The S&P 500 increased 6.4% during December, driven by the US – China preliminary trade deal and continued Fed stealth Quantitative Easing. While some of the details still need to be worked out with China, there seems to be a détente for now. This break allows markets to view the world order through rose colored glasses.
The S&P 500 increased 3.4% during November on the hope that a trade deal with China would be signed and belief that the economy had bottomed. Investors were getting nearly euphoric, and measures of value were beginning to look stretched (though a slight correction at the beginning of December rectified some of this).
The S&P 500 increased 2% during October as investors began to believe that the economy is beginning to re-accelerate. This move off the recent October lows was propelled by diminishing fears of recession and trade wars. Recent high frequency economic survey data has recently begun to turn upward, and the US – China trade war has moved toward (at least a temporary) détente.
The S&P 500 fell 1.8 % during a volatile August as the Federal Reserve’s -25 basis point move on July 31 proved too hawkish versus expectations. Yields on the 10 Yr US Treasury fell 50 basis points to 1.5% in August as well.
The S&P 500 increased 2.5% in July, but the real fireworks occurred after the Fed meeting July 31 through August 5. During that 4 day period the market was down 5.6%. Fixed Income had similar gyrations, with yields on the US 10 Yr Treasury falling 30 basis points from July 31 to 1.71% on August 5, after holding relatively stable for July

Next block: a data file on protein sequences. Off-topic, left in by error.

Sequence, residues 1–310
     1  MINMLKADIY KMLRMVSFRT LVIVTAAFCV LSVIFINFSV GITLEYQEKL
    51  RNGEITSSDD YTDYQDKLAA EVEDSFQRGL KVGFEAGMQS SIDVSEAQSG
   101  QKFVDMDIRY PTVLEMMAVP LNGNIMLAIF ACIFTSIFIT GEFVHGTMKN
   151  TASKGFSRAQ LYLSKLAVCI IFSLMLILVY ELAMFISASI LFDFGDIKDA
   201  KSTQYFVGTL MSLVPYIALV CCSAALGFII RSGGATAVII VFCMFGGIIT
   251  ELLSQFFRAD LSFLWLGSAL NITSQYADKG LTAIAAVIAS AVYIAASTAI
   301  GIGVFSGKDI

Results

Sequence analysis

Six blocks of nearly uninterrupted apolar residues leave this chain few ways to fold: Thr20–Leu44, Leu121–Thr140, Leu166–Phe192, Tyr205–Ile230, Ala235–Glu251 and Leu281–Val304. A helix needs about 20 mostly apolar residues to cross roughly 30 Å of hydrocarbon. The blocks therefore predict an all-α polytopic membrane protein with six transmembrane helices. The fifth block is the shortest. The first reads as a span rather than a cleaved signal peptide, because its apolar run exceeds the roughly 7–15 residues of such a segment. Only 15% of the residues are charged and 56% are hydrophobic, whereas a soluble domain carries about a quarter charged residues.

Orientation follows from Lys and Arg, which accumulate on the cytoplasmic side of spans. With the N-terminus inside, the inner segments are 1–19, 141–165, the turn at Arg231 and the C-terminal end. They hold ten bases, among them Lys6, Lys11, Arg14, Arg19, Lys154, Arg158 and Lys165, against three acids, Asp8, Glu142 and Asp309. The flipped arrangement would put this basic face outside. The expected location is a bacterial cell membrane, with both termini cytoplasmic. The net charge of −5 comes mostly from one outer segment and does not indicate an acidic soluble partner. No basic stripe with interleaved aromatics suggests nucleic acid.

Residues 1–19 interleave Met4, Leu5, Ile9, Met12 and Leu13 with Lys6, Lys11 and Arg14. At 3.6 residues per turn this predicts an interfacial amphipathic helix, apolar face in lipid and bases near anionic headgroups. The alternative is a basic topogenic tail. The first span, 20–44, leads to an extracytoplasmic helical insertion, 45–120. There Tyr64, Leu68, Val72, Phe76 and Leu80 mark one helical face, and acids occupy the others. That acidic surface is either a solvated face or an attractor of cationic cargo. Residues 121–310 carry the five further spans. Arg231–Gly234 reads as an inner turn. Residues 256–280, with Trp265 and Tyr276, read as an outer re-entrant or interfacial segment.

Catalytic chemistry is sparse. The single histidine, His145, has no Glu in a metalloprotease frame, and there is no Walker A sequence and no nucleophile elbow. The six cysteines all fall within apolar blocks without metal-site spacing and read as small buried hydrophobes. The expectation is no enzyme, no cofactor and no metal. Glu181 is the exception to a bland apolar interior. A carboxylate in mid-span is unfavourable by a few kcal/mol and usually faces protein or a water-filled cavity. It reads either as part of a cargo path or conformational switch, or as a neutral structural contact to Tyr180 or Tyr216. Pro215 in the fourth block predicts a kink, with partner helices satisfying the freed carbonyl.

The S&P 500 fell 6.6% May, after topping out at an all-time high on April 30. It was up ~25% off the December 2018 lows, and 17% year to date at the high. In particular, the US economy and corporate earnings were beginning to slow. This became apparent during May as several economic indicators and economists’ models began to show the deceleration. As usual, the bond market was the first to sniff out the problem.
Will you be able to deduct moving expenses in 2018, and how will tax changes to mileage and reimbursements affect your tax preparation? For the best strategies in your 2018 tax preparation documenting and deducting, reach out to Stableford Capital tax specialists today.
Wondering if your small business will be affected by the tax law changes and need to modify your business entertainment expense policy? There are a few key strategies small businesses can employ to spend and document wisely in this arena, leading to strategically paying fewer taxes.
If you file a tax return, you will be affected by the Tax Cuts and Jobs Act of 2017. This major tax reform makes changes across the board, from shaking up the seven individual tax brackets to classifying businesses. Those who will likely be affected most are business owners, since many of the 2018 tax updates change business tax preparation.
Taxes and tax laws may seem like a moving target as we move into tax preparation season. Once you get them down and file accordingly, the laws change and you have to adjust your plan. And that will once again be the case with the recent Tax Cuts and Jobs Act (Sec. 199A), which is the first major tax reform in over 30 years.